Farewell to the king of the off-road, the Land Rover

Farewell to the Land Rover Discovery, the workhorse of the UAE for more than half a century.

The era of the original Land Rover - the Defender is near its end.
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It was a rough, tough, no-frills, four-wheel-drive bruiser, conceived as a farm vehicle by a British car company emerging battered and bruised from the Second World War.

Nobody, least of all Rover, known in the 1930s for its upmarket saloon cars, expected the cheap-and-cheerful Land Rover to last.

But last it has. When Indian owner Tata Motors finally kills off the Land Rover Defender later this year it will mean the end of the road for an iconic vehicle whose lineage can be traced back to 1948.

“Britain was in a terrible recession and the company needed to earn export dollars,” says Mike Gould, former Land Rover brand manager.

“The company turned to the Land Rover as something they could sell as a utility vehicle, to the farming market and overseas, and earn American dollars through aid programmes.”

From the outset, the Land Rover was an endearingly back-of-the-envelope kind of vehicle. Rushed into production over the winter of 1947-48, the first sketch was drawn with a stick in the sand near the Welsh holiday home of Rover’s engineering director, Maurice Wilks.

But conceived as a stopgap to kick-start car production in a time of austerity, the Land Rover quickly became an industry phenomenon.

In 1948 Rover sold just 1,758. The following year, thanks in part to its adoption by the British armed forces, more than 12,000 Land Rovers left Solihull. By last year the company had sold more than two million Series I, II and III and Defenders.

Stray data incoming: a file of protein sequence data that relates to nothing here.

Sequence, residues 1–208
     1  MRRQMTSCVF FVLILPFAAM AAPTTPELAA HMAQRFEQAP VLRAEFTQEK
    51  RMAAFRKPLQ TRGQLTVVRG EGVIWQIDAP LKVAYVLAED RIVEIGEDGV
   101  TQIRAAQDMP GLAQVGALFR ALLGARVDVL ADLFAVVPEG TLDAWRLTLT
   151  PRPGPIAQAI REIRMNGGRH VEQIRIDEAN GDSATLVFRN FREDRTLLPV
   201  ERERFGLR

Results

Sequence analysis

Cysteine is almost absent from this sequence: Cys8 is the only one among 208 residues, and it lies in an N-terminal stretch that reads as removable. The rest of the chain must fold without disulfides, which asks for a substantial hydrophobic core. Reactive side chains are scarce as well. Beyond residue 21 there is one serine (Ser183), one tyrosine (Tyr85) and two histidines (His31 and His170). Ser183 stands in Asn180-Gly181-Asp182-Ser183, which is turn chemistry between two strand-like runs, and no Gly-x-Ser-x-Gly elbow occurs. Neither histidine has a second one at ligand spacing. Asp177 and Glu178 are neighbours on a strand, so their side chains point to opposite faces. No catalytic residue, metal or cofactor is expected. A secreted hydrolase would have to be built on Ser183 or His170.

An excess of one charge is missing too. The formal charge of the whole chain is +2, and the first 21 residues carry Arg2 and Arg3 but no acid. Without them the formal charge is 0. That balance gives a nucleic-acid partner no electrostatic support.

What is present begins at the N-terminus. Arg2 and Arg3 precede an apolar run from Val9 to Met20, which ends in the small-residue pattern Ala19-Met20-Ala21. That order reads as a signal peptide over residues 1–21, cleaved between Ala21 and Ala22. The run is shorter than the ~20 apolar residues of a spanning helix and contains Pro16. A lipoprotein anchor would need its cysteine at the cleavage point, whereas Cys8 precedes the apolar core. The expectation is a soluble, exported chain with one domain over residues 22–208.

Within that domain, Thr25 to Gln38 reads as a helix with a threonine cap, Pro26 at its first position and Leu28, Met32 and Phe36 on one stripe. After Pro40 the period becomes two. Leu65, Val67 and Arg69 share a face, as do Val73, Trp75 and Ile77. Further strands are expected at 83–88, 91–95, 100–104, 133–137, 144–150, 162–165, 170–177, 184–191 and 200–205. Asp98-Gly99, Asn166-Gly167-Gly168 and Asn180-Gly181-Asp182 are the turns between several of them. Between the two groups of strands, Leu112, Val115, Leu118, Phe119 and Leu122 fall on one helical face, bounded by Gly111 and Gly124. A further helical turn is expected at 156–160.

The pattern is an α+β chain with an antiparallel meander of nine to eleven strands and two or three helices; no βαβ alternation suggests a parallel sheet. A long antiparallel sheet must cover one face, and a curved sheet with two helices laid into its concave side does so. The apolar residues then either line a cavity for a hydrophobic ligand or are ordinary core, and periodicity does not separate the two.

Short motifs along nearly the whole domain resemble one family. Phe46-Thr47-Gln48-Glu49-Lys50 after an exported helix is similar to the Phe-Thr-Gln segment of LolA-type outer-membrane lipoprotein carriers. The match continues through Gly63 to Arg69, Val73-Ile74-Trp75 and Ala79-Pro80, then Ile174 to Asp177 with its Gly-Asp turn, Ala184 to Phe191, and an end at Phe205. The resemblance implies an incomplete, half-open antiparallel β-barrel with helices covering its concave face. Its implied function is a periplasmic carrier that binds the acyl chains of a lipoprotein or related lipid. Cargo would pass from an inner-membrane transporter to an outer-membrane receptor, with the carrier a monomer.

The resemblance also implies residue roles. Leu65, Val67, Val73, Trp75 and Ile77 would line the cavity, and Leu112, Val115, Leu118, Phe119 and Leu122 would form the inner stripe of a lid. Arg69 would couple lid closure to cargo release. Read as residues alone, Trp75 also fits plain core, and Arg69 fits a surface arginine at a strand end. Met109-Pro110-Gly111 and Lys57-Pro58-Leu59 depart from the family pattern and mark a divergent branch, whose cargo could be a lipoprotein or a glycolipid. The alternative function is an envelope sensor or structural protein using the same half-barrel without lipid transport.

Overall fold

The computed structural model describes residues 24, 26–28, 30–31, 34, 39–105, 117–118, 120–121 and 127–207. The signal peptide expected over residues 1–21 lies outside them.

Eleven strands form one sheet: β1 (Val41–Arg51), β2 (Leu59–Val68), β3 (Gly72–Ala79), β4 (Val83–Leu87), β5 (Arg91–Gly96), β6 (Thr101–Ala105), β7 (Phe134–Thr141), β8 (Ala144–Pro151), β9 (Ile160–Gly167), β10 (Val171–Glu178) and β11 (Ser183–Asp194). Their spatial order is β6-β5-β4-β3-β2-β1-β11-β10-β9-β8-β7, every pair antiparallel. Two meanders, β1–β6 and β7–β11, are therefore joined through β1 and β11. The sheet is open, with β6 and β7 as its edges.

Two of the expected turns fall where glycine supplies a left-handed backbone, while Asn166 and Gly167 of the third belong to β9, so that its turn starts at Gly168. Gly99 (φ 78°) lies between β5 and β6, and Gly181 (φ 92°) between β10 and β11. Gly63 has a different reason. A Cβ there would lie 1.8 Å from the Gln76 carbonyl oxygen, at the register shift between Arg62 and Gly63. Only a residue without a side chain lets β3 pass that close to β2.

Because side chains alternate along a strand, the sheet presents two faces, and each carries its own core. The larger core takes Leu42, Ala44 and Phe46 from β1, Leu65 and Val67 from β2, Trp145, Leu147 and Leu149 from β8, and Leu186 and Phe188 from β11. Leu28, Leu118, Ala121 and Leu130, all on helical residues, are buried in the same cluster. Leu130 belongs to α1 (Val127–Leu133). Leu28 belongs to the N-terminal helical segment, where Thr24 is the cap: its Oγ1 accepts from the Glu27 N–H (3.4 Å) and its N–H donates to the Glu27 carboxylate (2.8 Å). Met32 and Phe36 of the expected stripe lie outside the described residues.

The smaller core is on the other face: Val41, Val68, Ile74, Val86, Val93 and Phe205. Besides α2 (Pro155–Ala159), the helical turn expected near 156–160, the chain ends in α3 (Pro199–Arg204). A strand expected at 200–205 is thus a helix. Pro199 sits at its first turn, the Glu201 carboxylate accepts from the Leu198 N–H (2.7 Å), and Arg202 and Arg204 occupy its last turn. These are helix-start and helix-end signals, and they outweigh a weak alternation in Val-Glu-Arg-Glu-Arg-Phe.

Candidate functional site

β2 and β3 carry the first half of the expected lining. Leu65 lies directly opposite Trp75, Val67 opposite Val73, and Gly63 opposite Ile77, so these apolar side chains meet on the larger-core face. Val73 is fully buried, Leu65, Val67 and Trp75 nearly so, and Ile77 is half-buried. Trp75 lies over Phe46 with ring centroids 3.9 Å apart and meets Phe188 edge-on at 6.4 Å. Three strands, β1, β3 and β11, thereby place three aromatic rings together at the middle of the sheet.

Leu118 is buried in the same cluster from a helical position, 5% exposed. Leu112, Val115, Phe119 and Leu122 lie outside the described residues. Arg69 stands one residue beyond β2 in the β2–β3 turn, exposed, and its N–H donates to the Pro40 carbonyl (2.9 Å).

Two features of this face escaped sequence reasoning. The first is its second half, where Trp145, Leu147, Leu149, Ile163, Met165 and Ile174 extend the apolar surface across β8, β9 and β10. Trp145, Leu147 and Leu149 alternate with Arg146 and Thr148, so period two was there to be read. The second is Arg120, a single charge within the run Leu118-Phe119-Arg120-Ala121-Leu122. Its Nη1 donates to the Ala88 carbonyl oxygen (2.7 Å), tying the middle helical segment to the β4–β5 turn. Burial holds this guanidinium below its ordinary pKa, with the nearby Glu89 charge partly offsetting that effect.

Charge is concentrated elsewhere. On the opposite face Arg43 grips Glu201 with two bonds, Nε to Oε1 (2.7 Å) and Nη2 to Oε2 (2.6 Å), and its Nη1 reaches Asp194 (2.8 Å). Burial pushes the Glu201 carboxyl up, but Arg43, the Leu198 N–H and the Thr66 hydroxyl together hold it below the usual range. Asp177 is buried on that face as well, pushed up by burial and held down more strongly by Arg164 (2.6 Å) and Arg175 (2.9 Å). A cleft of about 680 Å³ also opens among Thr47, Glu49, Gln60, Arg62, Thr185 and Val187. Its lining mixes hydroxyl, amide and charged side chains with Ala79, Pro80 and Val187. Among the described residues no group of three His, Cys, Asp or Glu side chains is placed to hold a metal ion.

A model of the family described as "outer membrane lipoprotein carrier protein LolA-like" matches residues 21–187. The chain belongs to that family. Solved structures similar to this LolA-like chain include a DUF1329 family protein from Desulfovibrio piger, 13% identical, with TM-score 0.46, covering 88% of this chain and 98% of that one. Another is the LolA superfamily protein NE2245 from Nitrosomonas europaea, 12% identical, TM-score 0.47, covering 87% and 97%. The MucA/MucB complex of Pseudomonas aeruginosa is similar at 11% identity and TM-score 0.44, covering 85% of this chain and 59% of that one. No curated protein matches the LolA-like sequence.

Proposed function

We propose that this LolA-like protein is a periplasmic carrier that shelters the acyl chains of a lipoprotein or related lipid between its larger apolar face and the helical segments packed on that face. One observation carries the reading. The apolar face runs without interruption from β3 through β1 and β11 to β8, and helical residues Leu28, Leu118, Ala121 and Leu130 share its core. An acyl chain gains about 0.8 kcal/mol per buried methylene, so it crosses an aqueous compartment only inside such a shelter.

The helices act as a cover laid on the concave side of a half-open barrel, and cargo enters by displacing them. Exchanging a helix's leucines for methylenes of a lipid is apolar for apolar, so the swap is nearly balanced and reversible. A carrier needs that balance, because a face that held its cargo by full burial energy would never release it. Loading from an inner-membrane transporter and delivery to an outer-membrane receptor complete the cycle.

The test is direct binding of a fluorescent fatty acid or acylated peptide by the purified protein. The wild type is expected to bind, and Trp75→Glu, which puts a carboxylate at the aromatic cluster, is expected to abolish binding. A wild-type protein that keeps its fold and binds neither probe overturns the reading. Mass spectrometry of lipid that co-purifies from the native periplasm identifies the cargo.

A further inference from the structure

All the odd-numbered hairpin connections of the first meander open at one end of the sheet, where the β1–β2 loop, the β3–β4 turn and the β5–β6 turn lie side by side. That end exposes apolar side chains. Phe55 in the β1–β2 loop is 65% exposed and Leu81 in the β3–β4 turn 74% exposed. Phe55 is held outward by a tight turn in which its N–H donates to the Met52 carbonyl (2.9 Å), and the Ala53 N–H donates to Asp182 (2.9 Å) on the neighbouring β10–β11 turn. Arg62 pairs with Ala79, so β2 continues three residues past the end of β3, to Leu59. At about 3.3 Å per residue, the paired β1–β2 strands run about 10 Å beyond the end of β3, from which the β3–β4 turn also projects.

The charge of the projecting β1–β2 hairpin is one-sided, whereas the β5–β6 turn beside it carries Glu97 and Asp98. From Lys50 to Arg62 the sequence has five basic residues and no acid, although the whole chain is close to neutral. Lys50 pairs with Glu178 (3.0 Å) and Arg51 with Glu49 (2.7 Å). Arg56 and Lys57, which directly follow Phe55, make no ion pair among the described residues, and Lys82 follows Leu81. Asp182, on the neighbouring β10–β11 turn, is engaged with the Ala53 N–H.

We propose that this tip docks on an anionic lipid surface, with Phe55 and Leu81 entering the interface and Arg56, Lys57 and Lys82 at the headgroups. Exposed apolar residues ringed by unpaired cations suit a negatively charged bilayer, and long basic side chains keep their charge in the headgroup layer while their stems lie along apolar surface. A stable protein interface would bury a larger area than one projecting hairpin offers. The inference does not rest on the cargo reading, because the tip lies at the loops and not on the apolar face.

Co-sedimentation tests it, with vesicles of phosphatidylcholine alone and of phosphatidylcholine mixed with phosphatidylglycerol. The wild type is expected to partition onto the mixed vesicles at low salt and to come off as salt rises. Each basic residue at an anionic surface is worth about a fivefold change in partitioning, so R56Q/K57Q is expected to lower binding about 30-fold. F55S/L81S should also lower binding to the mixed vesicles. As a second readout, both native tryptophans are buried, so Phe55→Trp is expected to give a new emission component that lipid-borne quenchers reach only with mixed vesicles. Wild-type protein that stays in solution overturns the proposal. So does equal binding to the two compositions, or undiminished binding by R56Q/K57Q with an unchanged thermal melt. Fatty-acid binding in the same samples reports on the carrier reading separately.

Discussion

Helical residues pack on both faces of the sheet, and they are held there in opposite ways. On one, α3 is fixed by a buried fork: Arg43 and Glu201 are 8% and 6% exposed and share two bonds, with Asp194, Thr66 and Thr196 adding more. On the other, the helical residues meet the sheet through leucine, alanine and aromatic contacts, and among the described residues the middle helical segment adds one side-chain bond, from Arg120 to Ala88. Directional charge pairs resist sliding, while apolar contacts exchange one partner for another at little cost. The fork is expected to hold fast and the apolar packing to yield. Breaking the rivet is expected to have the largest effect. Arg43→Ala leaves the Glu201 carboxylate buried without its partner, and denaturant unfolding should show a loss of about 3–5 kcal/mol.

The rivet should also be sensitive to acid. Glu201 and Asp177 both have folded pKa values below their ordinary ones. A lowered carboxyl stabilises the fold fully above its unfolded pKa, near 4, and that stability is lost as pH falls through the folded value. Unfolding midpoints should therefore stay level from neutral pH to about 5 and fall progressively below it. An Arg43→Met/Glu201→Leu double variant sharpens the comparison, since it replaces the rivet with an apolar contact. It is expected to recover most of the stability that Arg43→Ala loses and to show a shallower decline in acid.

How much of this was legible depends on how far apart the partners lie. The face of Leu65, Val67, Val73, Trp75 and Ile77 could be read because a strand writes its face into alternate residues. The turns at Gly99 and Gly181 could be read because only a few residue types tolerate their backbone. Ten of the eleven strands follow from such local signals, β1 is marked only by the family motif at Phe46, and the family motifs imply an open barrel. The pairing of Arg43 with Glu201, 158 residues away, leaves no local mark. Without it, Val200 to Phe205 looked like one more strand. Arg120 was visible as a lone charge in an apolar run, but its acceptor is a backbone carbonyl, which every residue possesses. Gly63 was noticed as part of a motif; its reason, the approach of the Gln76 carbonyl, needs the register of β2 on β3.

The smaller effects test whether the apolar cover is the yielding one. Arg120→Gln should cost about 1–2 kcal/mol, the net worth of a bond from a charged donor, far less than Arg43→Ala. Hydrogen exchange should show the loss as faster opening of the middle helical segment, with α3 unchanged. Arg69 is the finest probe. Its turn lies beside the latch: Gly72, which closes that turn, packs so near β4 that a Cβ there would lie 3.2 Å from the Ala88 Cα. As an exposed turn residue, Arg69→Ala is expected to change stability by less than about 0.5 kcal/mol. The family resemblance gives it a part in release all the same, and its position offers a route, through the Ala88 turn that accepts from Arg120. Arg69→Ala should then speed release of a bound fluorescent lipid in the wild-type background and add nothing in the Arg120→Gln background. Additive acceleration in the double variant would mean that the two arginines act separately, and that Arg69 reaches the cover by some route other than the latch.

The secret, Mr Gould believes, lay in the appeal of the Land Rover’s uncompromising devotion to function over form.

“When I was brand manager (in the 1990s) we had a concept to replace it with a vehicle based on the Discovery platform, which would have had more cabin space and been a good-looking vehicle,” he recalls.

But the plan was scrapped, partly as a result of customer feedback.

“One of the most telling comments was made in France,” recalls Mr Gould. “The loose translation was that the Land Rover ‘speaks its vocation’ — in other words, it does what it says in the tin.”

The Land Rover has stubbornly declined to move with the times. In 2012, when the Defender underwent its final upgrade, Autocar magazine lovingly celebrated its shortcomings.

The driving position remained “cramped”, its “tiny, flimsy” windscreen wipers were “awful by modern standards”, the interior trim was “dreadful” and the incongruous chrome running boards were “one of the few remotely style conscious elements”.

But Autocar concluded there was no point in comparing the Defender to any other car. This was a vehicle “for farms, outbacks, jungles and deserts”, capable of tackling a 45-degree slope — forwards or backwards — and wading through water half a metre deep.